Chenopodium album 1 1 3 5 1 3 2 16 Euphorbia helioscopia 1 1 2 Fallopia convolvolus 2 4 1 1 2 1 11 Galeopsis lanadum 2 2 1 5 Galeopsis tetrahit 2 1 1 4 Galium aparine 1 2 2 1 6 Persicaria lapathifolium 5 14 10 3 12 9 3 56 Persicaria maculosa 2 1 3 Persicaria minor 1 1 2 4 Persicaria hydropiper 2 1 2 5 Raphanus raphanistrum 1 1 1 3 Ranunculus repens 1 1 2 Spergula arvensis 1 2 3 Stellaria media 2 2 2 1 4 2 1 14 Urtica urens 1 1 2 4 Wild species Arctostaphylos uva-ursi 1 1 1 3 Carex pallescens 1 1 Carex pilulifera 4 4 Carex serotina-type 2 2 Carex sp. 1 1 1 7 10 Cirsium vulgare 1 1 Montia fontana 1 2 3 Plantago lanceolata 1 1 Polyala vulgaris 2 2 Ranunculus acris 1 1 2 Scirpus lacustris 1 1 Viola canina 1 1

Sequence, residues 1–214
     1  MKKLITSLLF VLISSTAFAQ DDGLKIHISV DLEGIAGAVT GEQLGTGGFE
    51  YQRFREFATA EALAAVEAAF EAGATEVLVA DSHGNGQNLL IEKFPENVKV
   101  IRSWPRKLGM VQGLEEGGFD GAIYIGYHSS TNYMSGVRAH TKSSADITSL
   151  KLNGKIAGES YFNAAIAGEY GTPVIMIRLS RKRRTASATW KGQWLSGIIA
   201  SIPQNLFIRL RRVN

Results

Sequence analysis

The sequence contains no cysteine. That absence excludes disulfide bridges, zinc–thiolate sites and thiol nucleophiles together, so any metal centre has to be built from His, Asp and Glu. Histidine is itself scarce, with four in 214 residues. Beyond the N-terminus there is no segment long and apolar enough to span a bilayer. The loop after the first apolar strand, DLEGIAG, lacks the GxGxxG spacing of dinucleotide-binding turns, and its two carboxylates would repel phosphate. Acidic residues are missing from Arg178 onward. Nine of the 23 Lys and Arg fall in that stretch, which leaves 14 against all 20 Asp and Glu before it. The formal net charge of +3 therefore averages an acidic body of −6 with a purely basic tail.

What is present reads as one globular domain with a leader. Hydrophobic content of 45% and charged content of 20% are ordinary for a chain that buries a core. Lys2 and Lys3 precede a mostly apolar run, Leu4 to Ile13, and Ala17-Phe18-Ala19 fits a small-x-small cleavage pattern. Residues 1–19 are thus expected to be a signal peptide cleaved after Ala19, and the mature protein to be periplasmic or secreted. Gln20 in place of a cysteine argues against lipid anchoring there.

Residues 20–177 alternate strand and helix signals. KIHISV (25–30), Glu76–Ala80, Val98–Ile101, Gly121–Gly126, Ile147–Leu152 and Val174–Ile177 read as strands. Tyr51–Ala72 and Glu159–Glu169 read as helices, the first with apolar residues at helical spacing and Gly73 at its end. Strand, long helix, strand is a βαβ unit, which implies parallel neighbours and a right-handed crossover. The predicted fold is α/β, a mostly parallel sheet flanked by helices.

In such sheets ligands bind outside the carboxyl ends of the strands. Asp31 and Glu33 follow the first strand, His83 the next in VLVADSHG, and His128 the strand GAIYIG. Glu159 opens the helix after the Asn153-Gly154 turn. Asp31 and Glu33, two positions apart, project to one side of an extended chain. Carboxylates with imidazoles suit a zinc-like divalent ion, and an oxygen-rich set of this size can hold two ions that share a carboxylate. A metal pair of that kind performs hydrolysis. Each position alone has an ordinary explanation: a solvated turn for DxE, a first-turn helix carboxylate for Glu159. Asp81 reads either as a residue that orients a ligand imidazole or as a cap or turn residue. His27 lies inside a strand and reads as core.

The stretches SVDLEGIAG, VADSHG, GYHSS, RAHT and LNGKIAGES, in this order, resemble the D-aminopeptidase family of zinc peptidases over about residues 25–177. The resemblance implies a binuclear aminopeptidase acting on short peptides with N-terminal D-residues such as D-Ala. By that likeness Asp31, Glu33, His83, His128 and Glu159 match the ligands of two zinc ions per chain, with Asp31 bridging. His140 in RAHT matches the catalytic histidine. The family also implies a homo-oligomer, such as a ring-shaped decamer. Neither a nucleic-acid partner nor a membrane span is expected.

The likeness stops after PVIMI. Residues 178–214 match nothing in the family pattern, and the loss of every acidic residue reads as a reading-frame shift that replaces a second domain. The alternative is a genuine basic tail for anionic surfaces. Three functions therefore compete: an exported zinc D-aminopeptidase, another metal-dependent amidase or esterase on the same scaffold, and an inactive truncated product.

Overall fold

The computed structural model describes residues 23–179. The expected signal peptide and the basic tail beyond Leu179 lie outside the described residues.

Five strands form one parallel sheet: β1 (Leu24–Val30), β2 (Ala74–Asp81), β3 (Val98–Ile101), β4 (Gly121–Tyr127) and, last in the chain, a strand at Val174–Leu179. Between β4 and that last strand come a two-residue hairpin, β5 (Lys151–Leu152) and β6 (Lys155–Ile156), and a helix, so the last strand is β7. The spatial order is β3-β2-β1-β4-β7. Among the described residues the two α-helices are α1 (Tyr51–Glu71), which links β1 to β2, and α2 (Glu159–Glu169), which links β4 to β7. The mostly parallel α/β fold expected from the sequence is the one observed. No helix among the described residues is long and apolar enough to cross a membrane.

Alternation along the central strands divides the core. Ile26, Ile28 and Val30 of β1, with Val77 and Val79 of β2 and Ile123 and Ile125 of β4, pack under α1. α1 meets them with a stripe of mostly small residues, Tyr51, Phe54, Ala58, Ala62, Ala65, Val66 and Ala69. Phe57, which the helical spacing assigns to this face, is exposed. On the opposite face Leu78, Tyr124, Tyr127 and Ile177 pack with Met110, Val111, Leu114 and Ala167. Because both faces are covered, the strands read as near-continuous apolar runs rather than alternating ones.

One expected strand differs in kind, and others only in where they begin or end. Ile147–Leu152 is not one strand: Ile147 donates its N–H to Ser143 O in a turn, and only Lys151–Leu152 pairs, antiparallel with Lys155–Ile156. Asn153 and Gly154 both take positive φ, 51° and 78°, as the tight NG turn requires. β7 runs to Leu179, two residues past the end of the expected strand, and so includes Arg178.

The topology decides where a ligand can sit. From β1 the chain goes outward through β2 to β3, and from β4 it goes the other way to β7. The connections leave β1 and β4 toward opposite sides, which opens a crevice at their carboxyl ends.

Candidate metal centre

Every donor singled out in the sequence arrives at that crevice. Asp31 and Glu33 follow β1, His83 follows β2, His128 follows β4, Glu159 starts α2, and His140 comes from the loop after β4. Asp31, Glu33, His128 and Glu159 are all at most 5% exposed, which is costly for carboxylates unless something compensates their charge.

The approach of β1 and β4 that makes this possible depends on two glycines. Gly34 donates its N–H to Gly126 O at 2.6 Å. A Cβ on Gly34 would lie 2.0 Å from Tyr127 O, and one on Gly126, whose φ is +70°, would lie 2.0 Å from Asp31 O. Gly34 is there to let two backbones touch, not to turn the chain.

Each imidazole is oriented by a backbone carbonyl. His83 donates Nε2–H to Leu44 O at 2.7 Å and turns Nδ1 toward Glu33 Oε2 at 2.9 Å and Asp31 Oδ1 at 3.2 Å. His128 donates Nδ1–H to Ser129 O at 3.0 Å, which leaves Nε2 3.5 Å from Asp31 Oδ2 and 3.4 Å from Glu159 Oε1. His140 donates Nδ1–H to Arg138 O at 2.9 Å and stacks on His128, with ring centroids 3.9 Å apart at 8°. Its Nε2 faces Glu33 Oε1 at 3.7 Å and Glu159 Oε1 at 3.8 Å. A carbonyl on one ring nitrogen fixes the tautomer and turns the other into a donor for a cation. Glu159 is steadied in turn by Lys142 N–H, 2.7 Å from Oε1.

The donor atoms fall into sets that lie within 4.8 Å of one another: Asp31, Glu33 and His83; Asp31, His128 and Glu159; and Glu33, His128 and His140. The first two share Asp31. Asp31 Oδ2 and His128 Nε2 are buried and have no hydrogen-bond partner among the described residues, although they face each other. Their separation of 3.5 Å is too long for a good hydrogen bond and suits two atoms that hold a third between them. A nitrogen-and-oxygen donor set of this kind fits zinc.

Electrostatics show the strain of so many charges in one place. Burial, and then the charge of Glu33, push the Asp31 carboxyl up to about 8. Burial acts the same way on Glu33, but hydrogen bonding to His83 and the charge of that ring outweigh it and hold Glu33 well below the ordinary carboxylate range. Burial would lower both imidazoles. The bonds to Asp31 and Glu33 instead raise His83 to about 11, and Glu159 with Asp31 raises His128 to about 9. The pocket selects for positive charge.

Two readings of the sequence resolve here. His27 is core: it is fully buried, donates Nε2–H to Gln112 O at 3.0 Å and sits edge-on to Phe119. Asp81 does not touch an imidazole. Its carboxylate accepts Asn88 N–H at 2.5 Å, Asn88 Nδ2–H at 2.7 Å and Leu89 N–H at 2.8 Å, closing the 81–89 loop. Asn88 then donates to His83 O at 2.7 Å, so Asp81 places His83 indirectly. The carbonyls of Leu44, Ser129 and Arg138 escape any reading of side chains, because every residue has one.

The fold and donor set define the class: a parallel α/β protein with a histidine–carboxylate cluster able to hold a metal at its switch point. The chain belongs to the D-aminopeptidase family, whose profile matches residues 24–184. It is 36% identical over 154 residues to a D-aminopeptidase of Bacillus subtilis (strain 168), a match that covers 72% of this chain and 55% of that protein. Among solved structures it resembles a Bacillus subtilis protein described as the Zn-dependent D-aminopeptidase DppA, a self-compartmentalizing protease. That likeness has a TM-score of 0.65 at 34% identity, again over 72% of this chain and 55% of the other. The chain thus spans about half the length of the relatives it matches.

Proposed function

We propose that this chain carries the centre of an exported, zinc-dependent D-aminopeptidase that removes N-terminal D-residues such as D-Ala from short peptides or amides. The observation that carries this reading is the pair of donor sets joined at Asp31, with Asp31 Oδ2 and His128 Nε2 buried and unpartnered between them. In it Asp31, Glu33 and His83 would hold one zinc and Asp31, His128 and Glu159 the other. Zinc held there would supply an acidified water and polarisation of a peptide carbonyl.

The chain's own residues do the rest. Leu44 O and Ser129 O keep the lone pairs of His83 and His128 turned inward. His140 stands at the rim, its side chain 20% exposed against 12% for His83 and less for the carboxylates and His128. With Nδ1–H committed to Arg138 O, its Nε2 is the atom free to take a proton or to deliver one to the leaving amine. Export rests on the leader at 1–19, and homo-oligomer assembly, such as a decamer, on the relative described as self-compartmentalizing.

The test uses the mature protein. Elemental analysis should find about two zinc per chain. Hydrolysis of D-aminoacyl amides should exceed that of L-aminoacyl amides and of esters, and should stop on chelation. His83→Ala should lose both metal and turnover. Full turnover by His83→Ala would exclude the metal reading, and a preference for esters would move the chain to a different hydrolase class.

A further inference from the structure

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tivation in southwest Norway is documented by pollen analysis as early as 2200 BC (Prøsch-Danielsen & Si-monsen 2000). During the last decades, many archae-ological excavations, accompanied by archaeobotani-cal investigations, have been carried out in Norway, many of them in the county of Rogaland. Archaeologi-cal excavations of several sites on the island Hundvåg uncovered rich finds of macrofossil plant remains, among them cereal grains dated to the Late Bronze Age (Juhl 2001). At Gausel, Stavanger, 15 prehistoric houses were excavated. Here the oldest carbonised re-mains of cereals were found in Pre-Roman Iron Age deposits (Børsheim & Soltvedt 2002). At Forsand-moen, soil samples from 100 prehistoric houses were analysed. Plant macrofossils from these soil samples have provided evidence of the cultivation of cereals in Rogaland through a continuous period of about 2000 years, ending about 600 AD (Bakkevig 1991).